Strategic CIO // Executive Insights & Innovation
06:19 PM
Chris Murphy
Chris Murphy
Connect Directly
Repost This

Intel Unambiguous: U.S. IT Leadership Matters

What's notable about Intel CEO Paul Otellini's speech Tuesday is how he treats the U.S.'s overall competitiveness as vital to the company's future.

What's notable about Intel CEO Paul Otellini's speech Tuesday is how he treats the U.S.'s overall competitiveness as vital to the company's future.Here's a PDF of Otellini's speech Tuesday at the Brookings Institute.

The programs Otellini outlines are impressive (a commitment, with others, to hire more college grads and back U.S. startups.) But just as important is that Otellini makes a clear, fact-driven, and passionate appeal for U.S. companies and the government to do much more to improve U.S. competitiveness. The fact that Otellini considers this a top strategic priority for Intel is critical in itself.

Here are some excerpts from Otellini's remarks:

As I travel around the world, what I hear and see from business and government leaders, students and employees is very instructive. Other countries have focused on investing in innovation, creating national policies to build digital infrastructure, and have moved quickly to embrace sustainable energy. We are seeing this not just in India and China, but in Finland, Korea, Japan, the Netherlands, and many other places. All this activity on their part is making them far more potent competitors in the next phase of the global economy.

On national policies, he argues for more generous R&D tax credits, easier visas for well-educated immigration, lower taxes, and more certainty around healthcare and energy costs. Then he adds:

On all these issues there may be legitimate policy differences. But as a nation we must have a clear, enduring strategy to promote innovation, investment, and startup companies … a set of policies that let American business confidently invest in the future, raise capital, take risks, and feel assured that we are training the talent to lead the next generation of industries. That, after all, is what the rest of the world is doing.

On education, Otellini says:

This is an area the U.S. must succeed. Growth in math-intensive science and engineering jobs outpace overall job growth by three to one. Think about this: according to one source, America's GDP would grow by more than a third if U.S. students became globally competitive in math and science. Any real strategy for future competitiveness has to address this issue. President Obama has made this issue a top focus of his administration. We see it as the responsibility of not just government, but of every business that depends on highly skilled employees.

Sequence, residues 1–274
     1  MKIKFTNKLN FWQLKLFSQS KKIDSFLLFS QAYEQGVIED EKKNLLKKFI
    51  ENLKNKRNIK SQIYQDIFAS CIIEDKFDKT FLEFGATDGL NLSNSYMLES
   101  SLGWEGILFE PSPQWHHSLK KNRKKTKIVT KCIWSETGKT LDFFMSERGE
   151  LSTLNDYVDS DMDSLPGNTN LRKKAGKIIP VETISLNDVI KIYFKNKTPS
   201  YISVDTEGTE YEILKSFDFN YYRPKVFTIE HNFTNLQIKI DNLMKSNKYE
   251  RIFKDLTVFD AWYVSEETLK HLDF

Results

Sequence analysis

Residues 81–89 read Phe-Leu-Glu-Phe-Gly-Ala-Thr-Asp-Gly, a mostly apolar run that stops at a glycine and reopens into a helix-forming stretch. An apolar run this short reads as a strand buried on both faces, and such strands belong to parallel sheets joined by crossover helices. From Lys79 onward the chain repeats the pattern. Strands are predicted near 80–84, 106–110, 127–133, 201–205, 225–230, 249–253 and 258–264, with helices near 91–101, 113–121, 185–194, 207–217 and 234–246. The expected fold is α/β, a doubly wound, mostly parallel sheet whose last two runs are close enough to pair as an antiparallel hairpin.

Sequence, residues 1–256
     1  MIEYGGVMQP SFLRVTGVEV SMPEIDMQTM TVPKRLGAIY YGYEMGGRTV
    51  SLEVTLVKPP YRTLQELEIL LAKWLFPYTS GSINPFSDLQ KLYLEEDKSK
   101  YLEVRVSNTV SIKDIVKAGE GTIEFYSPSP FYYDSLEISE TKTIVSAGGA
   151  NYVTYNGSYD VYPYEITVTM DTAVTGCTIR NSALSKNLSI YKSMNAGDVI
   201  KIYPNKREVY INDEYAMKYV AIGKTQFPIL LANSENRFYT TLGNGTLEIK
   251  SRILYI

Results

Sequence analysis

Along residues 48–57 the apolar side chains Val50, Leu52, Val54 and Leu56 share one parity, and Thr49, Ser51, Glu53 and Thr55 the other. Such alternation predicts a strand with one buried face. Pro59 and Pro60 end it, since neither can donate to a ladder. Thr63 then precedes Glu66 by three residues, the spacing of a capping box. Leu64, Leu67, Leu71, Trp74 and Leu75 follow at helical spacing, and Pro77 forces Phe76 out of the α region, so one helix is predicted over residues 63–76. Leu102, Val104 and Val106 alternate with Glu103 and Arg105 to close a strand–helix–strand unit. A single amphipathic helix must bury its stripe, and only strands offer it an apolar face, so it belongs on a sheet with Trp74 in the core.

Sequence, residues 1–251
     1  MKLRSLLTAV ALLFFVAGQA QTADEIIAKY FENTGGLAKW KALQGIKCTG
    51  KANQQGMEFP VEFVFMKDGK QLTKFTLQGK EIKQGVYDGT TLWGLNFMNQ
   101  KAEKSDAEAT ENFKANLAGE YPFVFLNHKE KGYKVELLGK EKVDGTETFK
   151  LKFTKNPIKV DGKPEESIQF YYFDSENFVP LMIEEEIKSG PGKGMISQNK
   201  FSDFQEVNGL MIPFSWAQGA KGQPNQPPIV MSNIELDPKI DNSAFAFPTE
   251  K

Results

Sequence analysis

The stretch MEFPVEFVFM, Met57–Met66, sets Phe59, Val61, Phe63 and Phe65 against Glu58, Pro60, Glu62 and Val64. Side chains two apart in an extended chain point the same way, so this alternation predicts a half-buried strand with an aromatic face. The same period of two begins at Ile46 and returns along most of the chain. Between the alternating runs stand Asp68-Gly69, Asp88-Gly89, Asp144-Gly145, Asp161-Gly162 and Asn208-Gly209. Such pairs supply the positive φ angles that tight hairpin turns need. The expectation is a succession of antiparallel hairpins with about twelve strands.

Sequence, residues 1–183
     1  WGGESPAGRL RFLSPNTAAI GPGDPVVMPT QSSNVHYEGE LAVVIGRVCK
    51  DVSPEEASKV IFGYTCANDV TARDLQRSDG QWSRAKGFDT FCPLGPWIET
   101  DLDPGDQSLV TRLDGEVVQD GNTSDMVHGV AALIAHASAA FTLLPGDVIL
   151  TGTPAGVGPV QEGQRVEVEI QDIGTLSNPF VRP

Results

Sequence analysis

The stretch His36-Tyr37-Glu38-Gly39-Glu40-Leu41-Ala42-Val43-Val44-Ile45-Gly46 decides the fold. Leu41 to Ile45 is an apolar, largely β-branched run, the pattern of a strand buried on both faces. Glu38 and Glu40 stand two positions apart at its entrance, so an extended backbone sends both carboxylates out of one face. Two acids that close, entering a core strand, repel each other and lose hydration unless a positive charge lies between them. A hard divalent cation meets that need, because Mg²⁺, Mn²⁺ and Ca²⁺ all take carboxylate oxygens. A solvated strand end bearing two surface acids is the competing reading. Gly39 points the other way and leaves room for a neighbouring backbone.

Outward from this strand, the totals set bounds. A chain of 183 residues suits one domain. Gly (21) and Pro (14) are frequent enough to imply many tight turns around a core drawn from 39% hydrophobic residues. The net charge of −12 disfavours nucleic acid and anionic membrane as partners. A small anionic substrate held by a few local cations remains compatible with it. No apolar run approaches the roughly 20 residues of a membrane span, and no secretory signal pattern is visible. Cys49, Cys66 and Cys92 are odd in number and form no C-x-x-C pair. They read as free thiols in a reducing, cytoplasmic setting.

In a global market, where the biggest boom markets lie abroad, where Intel gets 75% of its revenue from outside the U.S., it's easy for executives to be wishy-wash on the importance of this issue: You know, "On the one hand U.S. competitiveness is certainly important, but we take a global view … " What the U.S. needs is more business leaders who look at the issue the way Otellini is--to candidly size up the competition the U.S. faces, and make it a business priority to help the U.S. do what it takes to stay ahead.

Related articles: Global CIO: Glimmers Of Growth In Outlook 2010 Research Global CIO: General Motors CIO On 4 Essential IT Skills Down To Business: What Could Doom The IT Recovery?

Comment  | 
Print  | 
More Insights
InformationWeek Elite 100
InformationWeek Elite 100
Our data shows these innovators using digital technology in two key areas: providing better products and cutting costs. Almost half of them expect to introduce a new IT-led product this year, and 46% are using technology to make business processes more efficient.
Register for InformationWeek Newsletters
White Papers
Current Issue
InformationWeek Elite 100 - 2014
Our InformationWeek Elite 100 issue -- our 26th ranking of technology innovators -- shines a spotlight on businesses that are succeeding because of their digital strategies. We take a close at look at the top five companies in this year's ranking and the eight winners of our Business Innovation awards, and offer 20 great ideas that you can use in your company. We also provide a ranked list of our Elite 100 innovators.
Twitter Feed
Audio Interviews
Archived Audio Interviews
GE is a leader in combining connected devices and advanced analytics in pursuit of practical goals like less downtime, lower operating costs, and higher throughput. At GIO Power & Water, CIO Jim Fowler is part of the team exploring how to apply these techniques to some of the world's essential infrastructure, from power plants to water treatment systems. Join us, and bring your questions, as we talk about what's ahead.